Thursday, August 27, 2009

That's not rain on my leg, Mr. Harper

So, according to the media buzz, Stephen Harper is about to once again stack the Senate with unelected, unaccountable Conservative cronies. The Liberals will decry his appointment of partisan hacks, the Conservatives will say they need their hacks to balance our hacks, and the public will say shut up I’m having dinner.

Such is how the political game has always been played, like some sort of kabuki play, only without the flashy costumes. So why should anyone care? Doesn’t everyone always do this? Well, there is one subtle difference: Harper promised us he was different.

Say what you will about my Liberals, but we never made any claims to righteous moral piety when it came to the Senate. Sure, we made an effort to appoint well-qualified non-hacks, such as General Romeo Dallaire. Paul Martin even appointed several Progressive Conservatives, including Hugh Segal, as well as an (independent) NDPer to the Senate. But we also appointed our hacks too, and we never pretended otherwise.

Not so Stephen Harper. Mr. Harper and his many of marry crusaders emerged from the Western plains atop gallant white steeds to lay claim to the mantal of moral righteousness and superiority, promising they would never stoop so low. Here’s just a sampling of his comments over the years:

"We don't support any Senate appointments."
(Stephen Harper, Winnipeg Free Press, January 29, 1996)

"Despite the fine work of many individual Senators, the Upper House remains a dumping ground for the favoured cronies of the Prime Minister."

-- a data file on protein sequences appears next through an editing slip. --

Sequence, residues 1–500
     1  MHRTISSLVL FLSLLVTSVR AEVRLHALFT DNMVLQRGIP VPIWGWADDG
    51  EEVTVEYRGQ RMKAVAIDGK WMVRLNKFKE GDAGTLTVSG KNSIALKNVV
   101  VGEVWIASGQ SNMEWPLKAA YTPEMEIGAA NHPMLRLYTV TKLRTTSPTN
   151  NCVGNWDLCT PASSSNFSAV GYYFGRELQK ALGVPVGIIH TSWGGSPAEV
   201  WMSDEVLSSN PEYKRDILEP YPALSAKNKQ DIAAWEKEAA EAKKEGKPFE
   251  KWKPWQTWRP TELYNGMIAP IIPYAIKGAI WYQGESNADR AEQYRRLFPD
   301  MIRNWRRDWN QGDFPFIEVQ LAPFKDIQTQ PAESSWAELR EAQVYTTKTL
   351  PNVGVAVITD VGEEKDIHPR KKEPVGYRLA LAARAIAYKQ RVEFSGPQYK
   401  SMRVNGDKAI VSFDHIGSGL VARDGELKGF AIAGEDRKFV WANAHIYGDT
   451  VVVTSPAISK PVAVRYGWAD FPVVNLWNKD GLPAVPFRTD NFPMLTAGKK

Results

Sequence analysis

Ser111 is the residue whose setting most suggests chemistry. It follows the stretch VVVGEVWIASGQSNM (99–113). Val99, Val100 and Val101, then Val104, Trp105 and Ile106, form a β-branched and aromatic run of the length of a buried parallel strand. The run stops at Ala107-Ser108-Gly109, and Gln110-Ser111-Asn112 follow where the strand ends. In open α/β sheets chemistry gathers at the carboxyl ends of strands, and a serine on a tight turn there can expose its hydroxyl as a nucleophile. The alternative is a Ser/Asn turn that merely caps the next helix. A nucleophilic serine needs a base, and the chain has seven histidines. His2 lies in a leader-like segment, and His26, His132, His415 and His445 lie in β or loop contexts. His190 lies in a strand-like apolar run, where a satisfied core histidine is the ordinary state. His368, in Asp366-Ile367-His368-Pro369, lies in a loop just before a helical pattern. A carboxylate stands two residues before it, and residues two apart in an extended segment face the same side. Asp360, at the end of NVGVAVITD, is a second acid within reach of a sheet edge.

(Stephen Harper Leadership Website, January 15, 2004)

"In the 21st century, those who want to sit in the parliament of a democratic state should have a mandate from the people."
(Stephen Harper, February 7, 2006)

"A conservative government will not appoint to the senate anyone who does not have a mandate from the people."
(Conservative Party website during 2006 election)

"As everyone in this room knows, it has become a right of passage for aspiring leaders and prime ministers to promise Senate reform - on their way to the top - but once they are elected, Senate reform quickly falls to the bottom of the Government's agenda. Nothing ever gets done."
(Stephen Harper, Speech on Senate Reform before Senate Committee, September 7, 2006)

"I don't plan to appoint senators; that's not my intention."
(Stephen Harper, Cornwall Standard-Freeholder, January 14, 2006)

"Stephen Harper will cease patronage appointments to the Senate. Only candidates elected by the people will be named to the Upper House."
(Stephen Harper Leadership Website, January 15, 2004)
If Harper hadn’t have made such a high-handed morally righteous crusade promising to be the white knight of Senate reform, then I wouldn’t really care that much. Sure, I’d slam him for appointing his hacks, but that’s just la guerre. It’s form. But by laying claim to such moral piety, by casting himself as the saint, when he gets down in the muck with the rest of us mere mortals he falls all the further.